A Federal High Court in Lagos on Wednesday convicted four companies of laundering $15.5m kept in their accounts with Skye Bank.
The companies – Pluto Property and Investment Company Limited; Seagate Property Development & Investment Co. Limited; Trans Ocean Property and Investment Company Limited and Avalon Global Property Development Company Limited – are linked with a former Special Adviser on Domestic Affairs to ex-President Goodluck Jonathan, Waripamo-Owei Dudafa.
The Economic and Financial Crimes Commission had in August frozen the accounts of the four companies and seized the $15m in the course of probing Dudafa for money laundering.
But the wife of ex-President Goodluck Jonathan, Patience, had sued the EFCC and Skye Bank, claiming ownership of the $15.5m.
On Wednesday, Justice Babs Kuewumi convicted the four companies of laundering the $15.5m.
The companies had on September 15, 2016 pleaded guilty to laundering the money when they were arraigned by the EFCC along with Dudafa, a lawyer, Amajuoyi Briggs; and a banker, Adedamola Bolodeoku.
But Dudafa, Briggs and Bolodeoku pleaded not guilty.
Based on the guilty plea of the companies, the EFCC prosecutor, Mr. Rotimi Oyedepo, reviewed the facts of the case and told the court how the companies laundered the money.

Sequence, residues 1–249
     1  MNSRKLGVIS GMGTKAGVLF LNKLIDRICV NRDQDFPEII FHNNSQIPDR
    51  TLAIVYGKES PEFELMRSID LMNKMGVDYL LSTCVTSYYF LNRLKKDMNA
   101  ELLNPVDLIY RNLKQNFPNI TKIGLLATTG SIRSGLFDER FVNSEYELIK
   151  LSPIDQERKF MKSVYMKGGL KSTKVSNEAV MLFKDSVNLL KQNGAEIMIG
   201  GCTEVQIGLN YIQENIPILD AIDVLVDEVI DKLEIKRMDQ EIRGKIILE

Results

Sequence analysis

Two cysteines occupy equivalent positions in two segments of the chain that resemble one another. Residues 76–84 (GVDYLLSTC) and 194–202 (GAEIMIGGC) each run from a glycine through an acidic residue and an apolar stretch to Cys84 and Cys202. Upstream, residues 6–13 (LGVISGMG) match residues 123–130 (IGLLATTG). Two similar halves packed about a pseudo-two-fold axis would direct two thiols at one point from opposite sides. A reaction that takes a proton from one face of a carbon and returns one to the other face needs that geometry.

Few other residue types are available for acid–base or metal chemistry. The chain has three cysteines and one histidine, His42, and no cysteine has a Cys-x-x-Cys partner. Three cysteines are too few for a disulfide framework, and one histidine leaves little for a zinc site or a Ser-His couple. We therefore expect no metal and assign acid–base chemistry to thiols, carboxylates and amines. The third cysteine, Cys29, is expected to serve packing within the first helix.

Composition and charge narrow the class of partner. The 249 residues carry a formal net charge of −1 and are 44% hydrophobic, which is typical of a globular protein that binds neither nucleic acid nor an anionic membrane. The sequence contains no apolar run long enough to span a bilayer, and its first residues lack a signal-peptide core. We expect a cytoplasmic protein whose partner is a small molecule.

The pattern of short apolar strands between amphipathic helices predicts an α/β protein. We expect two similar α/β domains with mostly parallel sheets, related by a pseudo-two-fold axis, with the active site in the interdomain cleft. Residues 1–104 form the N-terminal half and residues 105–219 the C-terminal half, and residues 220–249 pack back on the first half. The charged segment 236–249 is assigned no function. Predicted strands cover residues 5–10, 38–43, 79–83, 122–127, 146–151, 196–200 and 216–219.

Oyedepo told the judge that the money was stolen from the State House, Abuja.
He said, “The EFCC received an intelligence report showing vividly that the fourth to seventh defendants retained proceeds of crime. Our investigations showed that Festus Iyoha admitted receiving the funds from the first defendant (Dudafa). Iyoha is a domestic staff at the State House.
“He admitted that funds credited into the accounts were given to him from the State House.”
Oyedepo said Iyoha paid $3,096,377.38 into Pluto’s account; $3,410,534.71 into Seagate’s account; $3,765,711.87 into Trans Oceans’ account; and $250,000 into Avalon Global’s accout.
He said the accounts of the companies were domiciled in Skye Bank.
Justice Kuewumi admitted the accounts statements in evidence. He also admitted their mandate cards, certificates of incorporation and statements made to the EFCC by the companies’ representatives.
While convicting the companies of money laundering, the judge said he was satisfied that the EFCC had proven its case beyond reasonable doubt.